5 Bizarre Rules Still In The WWE Rulebook
Much like a dusty old medical textbook, or the ancient Egyptian Book of the Dead, the Official WWE Rulebook is an archaic text that, while sacred, hasn’t necessarily aged well with the times. In its current form, the WWE Rulebook is an adaptation of rules from the early 20th century, when professional wrestling first got its start on the carnival circuit. Here’s a few rules that stick out:
1. Men Can’t Wear Hats Indoors
Did you ever notice how, when he’s not busy forgetting his urn in hotel rooms, The Undertaker always removes his hat upon stepping into the ring? Or that JBL would place his ten-gallon hat atop the announcers’ table before making headset magic? Or that Scotty 2 Hotty specifically wore hats with no tops to display his frosted tips in a fashion that would make Guy Fieri proud? It’s because they’re gentleman, damn it. Take your hat off.
2. If Your Opponent No-Shows, You Are Legally Allowed to Marry Their Spouse
Yes, believe it or not, even today, if your opponent fails to show up to your scheduled match, you have the right to marry their spouse. This was instated in the early days of wrestling to prevent a talent from taking their check and running. Abuse of this rule occurred during the 2005 rivalry between Edge and Matt Hardy, where in which both men continually tried to prevent the other from making it to their match. It ultimately ended in a stalemate when Matt and Edge realized they were both legally married to Lita, so the rule canceled out. The trio remains in a beautiful polyamorous relationship to this day.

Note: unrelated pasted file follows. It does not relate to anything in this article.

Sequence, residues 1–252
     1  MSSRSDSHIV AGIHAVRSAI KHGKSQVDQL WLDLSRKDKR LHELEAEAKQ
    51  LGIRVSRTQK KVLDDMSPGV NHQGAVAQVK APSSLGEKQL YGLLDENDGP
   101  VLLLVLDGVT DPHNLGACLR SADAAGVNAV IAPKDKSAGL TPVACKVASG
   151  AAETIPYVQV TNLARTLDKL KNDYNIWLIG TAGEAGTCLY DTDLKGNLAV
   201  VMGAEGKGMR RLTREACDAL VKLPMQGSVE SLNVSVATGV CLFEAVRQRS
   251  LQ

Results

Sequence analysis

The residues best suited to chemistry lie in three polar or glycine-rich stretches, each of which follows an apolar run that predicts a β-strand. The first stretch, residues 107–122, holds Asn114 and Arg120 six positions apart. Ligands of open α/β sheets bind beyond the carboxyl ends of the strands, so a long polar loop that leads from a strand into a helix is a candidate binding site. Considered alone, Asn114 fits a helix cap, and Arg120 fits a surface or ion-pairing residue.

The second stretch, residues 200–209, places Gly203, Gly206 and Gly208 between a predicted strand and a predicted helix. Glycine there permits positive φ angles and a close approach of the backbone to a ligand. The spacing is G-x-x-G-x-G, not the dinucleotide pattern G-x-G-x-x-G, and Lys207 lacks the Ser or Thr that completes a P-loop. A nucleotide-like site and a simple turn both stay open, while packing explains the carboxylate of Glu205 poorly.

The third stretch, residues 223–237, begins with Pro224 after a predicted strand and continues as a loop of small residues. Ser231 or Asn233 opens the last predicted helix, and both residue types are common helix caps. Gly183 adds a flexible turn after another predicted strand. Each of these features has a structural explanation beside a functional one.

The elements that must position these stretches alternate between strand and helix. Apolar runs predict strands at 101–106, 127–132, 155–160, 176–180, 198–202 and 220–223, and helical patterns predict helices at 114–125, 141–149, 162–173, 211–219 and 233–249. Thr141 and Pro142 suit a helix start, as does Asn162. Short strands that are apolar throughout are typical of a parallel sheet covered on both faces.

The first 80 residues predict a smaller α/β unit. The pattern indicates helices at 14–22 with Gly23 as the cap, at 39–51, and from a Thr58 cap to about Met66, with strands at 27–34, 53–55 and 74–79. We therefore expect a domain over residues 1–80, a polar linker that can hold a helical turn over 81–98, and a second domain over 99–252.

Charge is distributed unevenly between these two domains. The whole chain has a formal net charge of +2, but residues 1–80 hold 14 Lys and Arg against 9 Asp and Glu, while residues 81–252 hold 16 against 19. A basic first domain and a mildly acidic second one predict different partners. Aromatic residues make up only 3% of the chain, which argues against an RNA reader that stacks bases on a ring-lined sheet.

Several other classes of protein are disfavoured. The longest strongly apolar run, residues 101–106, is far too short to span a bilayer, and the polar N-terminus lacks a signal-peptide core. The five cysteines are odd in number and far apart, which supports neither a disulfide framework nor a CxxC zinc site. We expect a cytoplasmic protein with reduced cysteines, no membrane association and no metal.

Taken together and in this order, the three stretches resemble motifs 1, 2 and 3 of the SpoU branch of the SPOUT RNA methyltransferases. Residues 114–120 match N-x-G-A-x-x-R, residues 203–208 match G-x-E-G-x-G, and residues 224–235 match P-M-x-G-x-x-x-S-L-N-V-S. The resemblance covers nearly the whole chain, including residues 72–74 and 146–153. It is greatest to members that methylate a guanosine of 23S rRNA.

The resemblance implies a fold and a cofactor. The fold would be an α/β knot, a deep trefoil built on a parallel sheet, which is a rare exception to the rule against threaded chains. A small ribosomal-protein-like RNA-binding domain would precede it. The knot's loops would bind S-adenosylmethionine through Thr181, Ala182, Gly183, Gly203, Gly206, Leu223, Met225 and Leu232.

3. No Chewing Gum
Unless your name rhymes with Prawn Schmichaels, spit it out, bucko.
4. Lobotomies Aren’t Just Okay, But Encouraged
One thing that hasn’t changed much in pro wrestling is the politics. Even in the early days of carny-wrestling, the creatives at the top had to worry about talent “going into business for themselves”—an industry phrase for going off-script. Back then, it was believed that the best solution was to “treat” an unruly talent with a lobotomy. In the words of original carny promoter John Tunney, Sr., “Follow the script, or you’ll go from world champ to swirled champ real quick.”
5. The World (Championship) Is Flat
Whether it’s the WWE Universal Championship, the original NWA World Heavyweight Championship, or the belt you made for your backyard Trampoline Wrestling Federation, one thing remains constant: The world (title) is flat. Title after title, belt after belt, they’ve all remained flat. There was, however, some controversy in 2005 when John Cena claimed that the world title can spin on an axis. This, of course, was met with rampant disapproval from the scientific wrestling community.